Queen balling is the action the remaining colony of bees take once it is time to replace the queen. The worker bees surround the queen, clustering together to raise her body temperature which results in her death. This usually occurs when a new, strong queen bee is introduced to the hive.
Eusocial insects, like bees, are considered insects with the highest level of intelligence. They show coordinated care, cooperative food gathering, and preparation. This natural world has a power hierarchy. The one on top of the power pyramid is – the queen bee – the all-powerful overlord of the hive full of thousands of worker bees.
But does the beehive serve the queen in every case? Is the queen bee all-powerful?
She isn’t. The hive is more like a democracy than a dictatorship. Balling behavior can be seen in a hive where the queen is being replaced.
Today we’ll learn why bees decide to replace their queen, how they do it, and how they find a replacement.
Let’s get started.
The Purpose Of The Queen Bee
Literally and figuratively, the queen is the most significant power in the hive. The one with the most extended lifespan (can live up to 6 years) and the biggest one in the hive. But, her role is a vital one, not an authoritarian one.
Her sole job is to lay eggs – all day, every day. She is no ruler. She doesn’t control the hive in any overt way. But, she still is the hive’s center because she sways the hive with the pheromones she releases.
The rest of the bees are worker bees and drone bees. The female worker bees aren’t sexually developed. Only the queen bee can reproduce with the drones. The queen only mates once – and keeps the sperm inside her for the rest of her life. She’ll fertilize eggs per her wish and control the number of bees in the hive.
Why Bees Reject A Queen
There are a few reasons the bees might reject the queen.
As we said previously, the queen only mates once in her life and carries the sperm inside her for the rest of her days. As the mated queen grows older, the sperm inside her will keep decreasing. At the end of her life, the hive detects this shortage because of the decrease in pheromones she sends out.
The now almost useless queen needs “replacing.” More on that later.
Female bees, like humans, are diploids. The males are haploids. When the queen starts producing diploid males (drones usually are haploid), typically sterile, these are formed when a diploid (a female bee) bee’s body is fooled into becoming male. This is a disaster for a colony’s survival – these diploids consume resources, can’t reproduce – and refuse to work.
This happens when the queen mates with a drone that contains the CSD (complementary sex determination) gene. Half the queen’s offspring are born useless when this happens, essentially halving the next generation’s workforce.
The hive can tell whenever a queen begins producing sterile bees because they have a particular smell. The existing worker bees won’t be too pleased with that and know what must be done.
This happens more in apiaries. Older worker bees don’t fancy the idea of a new, unfamiliar queen – they see her as an invader. Bees are born and raised in the hive itself. Even if there’s no queen in the hive, they usually don’t take the scent of a foreign queen nicely.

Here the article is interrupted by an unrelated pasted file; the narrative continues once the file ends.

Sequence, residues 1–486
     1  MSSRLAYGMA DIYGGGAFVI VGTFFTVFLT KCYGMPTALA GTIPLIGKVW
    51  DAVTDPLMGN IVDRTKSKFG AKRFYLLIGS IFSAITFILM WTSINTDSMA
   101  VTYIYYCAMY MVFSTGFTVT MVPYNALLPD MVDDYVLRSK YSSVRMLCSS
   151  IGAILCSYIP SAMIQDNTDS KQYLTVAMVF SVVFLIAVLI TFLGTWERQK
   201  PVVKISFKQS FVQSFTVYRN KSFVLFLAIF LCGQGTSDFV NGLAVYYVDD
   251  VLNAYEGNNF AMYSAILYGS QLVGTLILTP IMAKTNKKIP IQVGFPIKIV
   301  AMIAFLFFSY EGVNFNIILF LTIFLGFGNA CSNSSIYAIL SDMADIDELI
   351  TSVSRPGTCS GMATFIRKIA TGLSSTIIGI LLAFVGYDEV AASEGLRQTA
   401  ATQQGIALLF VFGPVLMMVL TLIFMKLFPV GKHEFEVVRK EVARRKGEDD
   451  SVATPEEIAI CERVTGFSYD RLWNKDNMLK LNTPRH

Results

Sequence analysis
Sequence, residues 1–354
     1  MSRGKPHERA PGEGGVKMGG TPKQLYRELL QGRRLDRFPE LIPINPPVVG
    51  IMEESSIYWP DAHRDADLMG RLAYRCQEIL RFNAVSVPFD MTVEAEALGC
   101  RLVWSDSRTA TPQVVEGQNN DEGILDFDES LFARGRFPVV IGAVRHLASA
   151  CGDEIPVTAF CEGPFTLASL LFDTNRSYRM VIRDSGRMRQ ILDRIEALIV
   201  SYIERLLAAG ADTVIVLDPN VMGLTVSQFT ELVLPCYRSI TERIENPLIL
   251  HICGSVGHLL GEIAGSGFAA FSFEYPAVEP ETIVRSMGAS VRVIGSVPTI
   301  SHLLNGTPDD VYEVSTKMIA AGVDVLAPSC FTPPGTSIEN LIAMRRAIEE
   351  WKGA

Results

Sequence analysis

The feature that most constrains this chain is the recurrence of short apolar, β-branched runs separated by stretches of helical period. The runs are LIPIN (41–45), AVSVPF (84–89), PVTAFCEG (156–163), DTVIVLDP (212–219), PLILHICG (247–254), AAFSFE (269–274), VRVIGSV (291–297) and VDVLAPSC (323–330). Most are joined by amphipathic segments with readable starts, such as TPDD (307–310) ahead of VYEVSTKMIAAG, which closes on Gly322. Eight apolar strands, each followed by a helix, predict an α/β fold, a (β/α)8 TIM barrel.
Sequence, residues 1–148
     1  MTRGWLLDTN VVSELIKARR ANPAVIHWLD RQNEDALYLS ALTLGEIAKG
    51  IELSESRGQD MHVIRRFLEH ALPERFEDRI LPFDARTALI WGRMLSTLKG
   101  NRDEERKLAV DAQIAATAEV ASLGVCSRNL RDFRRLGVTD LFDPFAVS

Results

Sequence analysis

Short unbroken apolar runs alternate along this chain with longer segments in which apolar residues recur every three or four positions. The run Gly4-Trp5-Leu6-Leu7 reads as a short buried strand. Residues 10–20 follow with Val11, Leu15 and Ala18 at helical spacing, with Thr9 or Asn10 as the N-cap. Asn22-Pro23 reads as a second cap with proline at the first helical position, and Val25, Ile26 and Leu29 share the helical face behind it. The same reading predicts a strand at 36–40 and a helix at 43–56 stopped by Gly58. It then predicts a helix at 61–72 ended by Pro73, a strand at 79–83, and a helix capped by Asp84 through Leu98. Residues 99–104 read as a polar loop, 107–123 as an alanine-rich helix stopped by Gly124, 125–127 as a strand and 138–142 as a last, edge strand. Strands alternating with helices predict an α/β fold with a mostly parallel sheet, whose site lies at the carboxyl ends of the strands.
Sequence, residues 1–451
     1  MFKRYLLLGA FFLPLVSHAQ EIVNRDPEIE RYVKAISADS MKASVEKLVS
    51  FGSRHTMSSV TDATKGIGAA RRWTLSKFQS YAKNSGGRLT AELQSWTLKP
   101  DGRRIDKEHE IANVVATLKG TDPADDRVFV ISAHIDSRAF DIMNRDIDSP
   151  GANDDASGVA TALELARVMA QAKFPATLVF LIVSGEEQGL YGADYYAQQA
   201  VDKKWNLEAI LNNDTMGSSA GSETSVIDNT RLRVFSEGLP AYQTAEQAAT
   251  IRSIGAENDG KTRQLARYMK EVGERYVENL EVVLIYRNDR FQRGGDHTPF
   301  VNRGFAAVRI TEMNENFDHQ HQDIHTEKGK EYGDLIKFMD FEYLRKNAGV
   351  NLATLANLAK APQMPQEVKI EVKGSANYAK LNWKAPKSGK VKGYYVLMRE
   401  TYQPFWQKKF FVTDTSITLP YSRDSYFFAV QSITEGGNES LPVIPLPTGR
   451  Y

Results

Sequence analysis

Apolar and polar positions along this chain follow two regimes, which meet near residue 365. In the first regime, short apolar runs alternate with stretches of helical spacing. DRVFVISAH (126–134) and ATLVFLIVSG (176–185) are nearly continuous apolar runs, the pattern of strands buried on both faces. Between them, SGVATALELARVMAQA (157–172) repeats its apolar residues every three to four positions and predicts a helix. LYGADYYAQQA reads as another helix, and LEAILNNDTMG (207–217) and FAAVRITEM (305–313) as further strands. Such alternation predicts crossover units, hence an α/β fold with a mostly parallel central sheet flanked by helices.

This situation arises when beekeepers physically replace queens with queen cells themselves. And the bees aren’t happy with this replacement.
The worker bees will dispose of the queen through this non-violent but lethal technique.
They do it by surrounding the queen in a tight cluster of bees, holding the queen still with their legs, and balling the queen. The mob creates heat that raises the queen’s temperature to where she overheats and dies.
It’s not physically violent, but it gets the work done. The queen receives disposed of nice and simple.
How Is A New Queen Bee Selected?
Once the queen is removed, a new one needs to be made. Unless a beekeeper intervenes, the new queen will come from the old queen’s fertilized eggs. Unfertilized eggs become drones, but the fertilized ones produce workers or future queens.
The queen is fed a particular type of honey called the royal jelly (the rest of the hive eats normal honey) in the queen cup, where the queen’s larva develops. It’s provided with everything it needs to grow big. But, the hive feeds several potential queens to make sure they get the best queen.
The first one to hatch out will kill all other larvas and consume them for nutrients. If two hatch simultaneously, they’ll fight to the death. Unlike honey bees, the queen’s stinger doesn’t sting isn’t fatal to herself. She’ll use it to kill her competition and take the throne. Then the virgin queen will mate with the drones and begin her duties.
In rare cases, a potential queen bee who hatches first decides to form a swarm with some of the lingering bees and flies away to build a new hive. Most who hatch first usually take over their native hive.
What If You Remove The Queen Bee?
The bees can tell in a few hours if the queen goes missing because the queen pheromones the queen secreted are no longer there. Their antennae can smell something wrong. They’ll get stressed and restless and begin the procedure to requeen.
What Happens To A Queenless Colony?
Queenless colonies can exist for a while – but they are doomed. Without the queen, there’s no way the hive will survive in the wild. Worker bees will die in a matter of months. The existing worker bees must produce a new queen bee to further the population. Otherwise, the hive will perish.